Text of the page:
- Associated Press - Tuesday, October 12, 2010

KABUL, Afghanistan (AP) — U.S. and U.K. military officials have started what’s promised as a thorough investigation into the death of a kidnapped British aid worker who may have been killed in error by U.S. special forces rather than, as originally stated, by her Taliban captors.

Linda Norgrove’s death has reverberated through the corridors of power from Kabul to London to Washington, where President Obama expressed condolences and pledged “to get to the bottom” of what happened during the deadly raid.

Ms. Norgrove, 36, and six insurgents were killed Friday night after U.S. special forces stormed a compound in eastern Kunar province where she had been held for two weeks. Ms. Norgrove and three Afghan colleagues were ambushed and kidnapped Sept. 26. Her colleagues were freed quickly.

NATO initially said Ms. Norgrove was killed by her captors. On Monday, however, alliance officials said new information indicated Ms. Norgrove may have been killed by a U.S. grenade.

“The review showed what was believed to be a member of the rescue team throwing a hand grenade in the area near where Ms. Norgrove was later found,” Maj. Sunset Belinsky, a NATO spokeswoman, said. “It’s now unclear what the exact circumstances surrounding her death are, and the investigation will attempt to determine the facts.”

The White House said Mr. Obama and British Prime Minister David Cameron both said the rescue operation was necessary and “agreed that it was now essential to get to the bottom of what had happened.”

NATO Secretary General Anders Fogh Rasmussen emphasized that “whatever happened, I would like to stress that those who are responsible, of course, are the captors.”

British Foreign Secretary William Hague told Parliament on Monday that Ms. Norgrove’s kidnappers were members of a local Salafist group allied to the Taliban, al Qaeda and other insurgents. Salafist militants seek to revive strict Muslim doctrine dating to the sixth-century Prophet Muhammad.

“At no stage was any serious attempt made to negotiate by those holding her,” Mr. Hague said.

The probe will be led by U.S. Army Maj. Gen. Joseph L. Votel of U.S. Special Operations Command. The United Kingdom will appoint Brig. Rob Nitsch, head of logistics for British forces in Afghanistan, to “work closely” with the Gen. Votel, the British prime minister’s office said.

All British citizens who die abroad are entitled to a formal inquest into their death. NATO officials said they hope the investigation will be completed quickly.

Meanwhile, an Afghan interpreter was killed and seven NATO troops and an Afghan police officer were wounded when insurgents fired a rocket-propelled grenade into their helicopter in Kunar on Tuesday, the alliance said.

The CH-47 Chinook helicopter, with 26 people aboard, had just landed and was off-loading when the RPG was launched into its cargo bay.

A NATO service member also died in a highway bombing in the south, and 11 civilians were killed in an insurgent rocket attack and roadside blasts in the east, Afghan officials and NATO said Tuesday.

NATO did not give a nationality or exact location of the service member’s death Tuesday, which brought to 28 the number of troops killed in October. At least 2,016 NATO service members have died since the U.S.-led invasion of Afghanistan on Oct. 7, 2001, according to an Associated Press count.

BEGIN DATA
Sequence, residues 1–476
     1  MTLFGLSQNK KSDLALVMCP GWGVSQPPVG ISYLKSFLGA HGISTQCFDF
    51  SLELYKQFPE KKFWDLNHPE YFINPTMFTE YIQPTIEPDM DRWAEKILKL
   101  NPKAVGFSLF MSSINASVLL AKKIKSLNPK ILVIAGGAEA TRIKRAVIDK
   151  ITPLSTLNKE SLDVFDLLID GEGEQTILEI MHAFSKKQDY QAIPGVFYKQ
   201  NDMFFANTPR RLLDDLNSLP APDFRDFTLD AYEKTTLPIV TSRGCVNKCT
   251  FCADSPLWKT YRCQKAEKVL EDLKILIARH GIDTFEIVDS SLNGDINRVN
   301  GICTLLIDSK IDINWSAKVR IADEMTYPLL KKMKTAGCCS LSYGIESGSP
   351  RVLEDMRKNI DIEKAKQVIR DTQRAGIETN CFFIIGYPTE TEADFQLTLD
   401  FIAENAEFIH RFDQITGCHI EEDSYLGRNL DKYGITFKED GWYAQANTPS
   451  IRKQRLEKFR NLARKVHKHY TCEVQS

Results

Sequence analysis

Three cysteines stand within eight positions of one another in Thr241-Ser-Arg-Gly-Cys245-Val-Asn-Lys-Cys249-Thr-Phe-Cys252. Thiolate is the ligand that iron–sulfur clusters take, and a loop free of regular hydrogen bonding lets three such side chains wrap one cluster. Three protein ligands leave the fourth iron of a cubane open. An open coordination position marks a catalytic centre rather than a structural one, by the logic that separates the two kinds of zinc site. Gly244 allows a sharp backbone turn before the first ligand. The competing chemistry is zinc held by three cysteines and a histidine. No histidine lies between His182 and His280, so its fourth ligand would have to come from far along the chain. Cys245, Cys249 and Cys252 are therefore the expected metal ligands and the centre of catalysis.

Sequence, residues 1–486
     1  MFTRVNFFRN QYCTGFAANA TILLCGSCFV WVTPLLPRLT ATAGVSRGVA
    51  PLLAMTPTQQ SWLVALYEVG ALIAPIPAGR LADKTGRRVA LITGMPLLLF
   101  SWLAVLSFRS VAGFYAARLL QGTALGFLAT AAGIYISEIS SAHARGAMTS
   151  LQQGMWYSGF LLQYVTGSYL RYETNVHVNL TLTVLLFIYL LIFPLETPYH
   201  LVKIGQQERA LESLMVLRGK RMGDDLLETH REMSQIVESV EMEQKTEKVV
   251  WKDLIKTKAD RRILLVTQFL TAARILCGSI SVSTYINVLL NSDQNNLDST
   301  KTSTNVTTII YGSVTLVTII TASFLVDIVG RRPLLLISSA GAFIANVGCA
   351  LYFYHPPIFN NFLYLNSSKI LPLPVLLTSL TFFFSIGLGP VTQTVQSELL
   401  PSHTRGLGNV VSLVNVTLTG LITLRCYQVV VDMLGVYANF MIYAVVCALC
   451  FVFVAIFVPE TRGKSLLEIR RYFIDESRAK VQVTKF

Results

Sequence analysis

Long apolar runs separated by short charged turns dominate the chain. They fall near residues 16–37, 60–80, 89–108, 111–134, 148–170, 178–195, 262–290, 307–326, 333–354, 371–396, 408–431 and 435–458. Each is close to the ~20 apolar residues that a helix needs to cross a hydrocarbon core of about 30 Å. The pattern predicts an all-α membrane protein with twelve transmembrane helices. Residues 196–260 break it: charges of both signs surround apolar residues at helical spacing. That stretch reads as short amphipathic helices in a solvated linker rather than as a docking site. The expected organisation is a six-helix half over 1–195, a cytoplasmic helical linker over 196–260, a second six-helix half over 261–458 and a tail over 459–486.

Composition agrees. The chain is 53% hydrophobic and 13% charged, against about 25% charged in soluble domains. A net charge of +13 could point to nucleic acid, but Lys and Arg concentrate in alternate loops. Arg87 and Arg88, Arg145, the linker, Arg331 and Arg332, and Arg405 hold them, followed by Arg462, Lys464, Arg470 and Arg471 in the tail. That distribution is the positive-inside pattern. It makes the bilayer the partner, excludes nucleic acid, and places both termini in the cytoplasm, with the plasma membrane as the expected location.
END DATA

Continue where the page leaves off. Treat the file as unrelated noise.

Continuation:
Violence has risen particularly sharply in the south in recent months, along with a surge of U.S. forces targeting Taliban strongholds.

That increase has led to record numbers of patients with war wounds seeking treatment at the main hospital in Kandahar city, the Red Cross said Tuesday.

About 1,000 patients came to Mirwais Regional Hospital with weapon-related injuries in August and September, about twice number from the same period of 2009, said the Red Cross aid. The number of war-related cases has been rising since 2005, said Bijan Frederic Farnoudi, a spokesman for the group in Kabul.

The sharp jump this year was likely caused by the increasing number of armed groups operating in the area, said Reto Stocker, chief of the International Committee for the Red Cross in Kabul.

“Our greatest challenge consists in maintaining access to the areas hardest hit by the fighting, but the multiplication of armed groups is making this much harder for us,” Mr. Stocker said.

A Red Cross spokesman in Geneva said it is not clear if the increase in armed groups means more insurgents in the area or more criminal gangs, but the new phenomenon has been complicating Red Cross access.

“They are usually competing and have rival interests,” spokesman Christian Cardon said.

The attacks in the east included an insurgent rocket, which hit a vehicle carrying civilians in Jani Khel district of eastern Paktika province. Six people died, the Interior Ministry said.

Mohammad Jan Rasoulyar, spokesman for the governor of southeastern Zabul province, said another group of civilians riding in a vehicle hit a roadside bomb Monday night in Shahjoy district. Four were killed. The same day, an Afghan civilian died in a roadside bombing in the Ismail Khel district of eastern Khost province.

Afghan civilians are killed by roadside bombs and other violence almost daily. A U.N. report said more than 1,200 civilians died and nearly 2,000 were wounded between January and June this year.

Associated Press writers Raphael G. Satter and Paisley Dodds in London and Deb Riechmann, Heidi Vogt and Amir Shah in Kabul contributed to this report.

 

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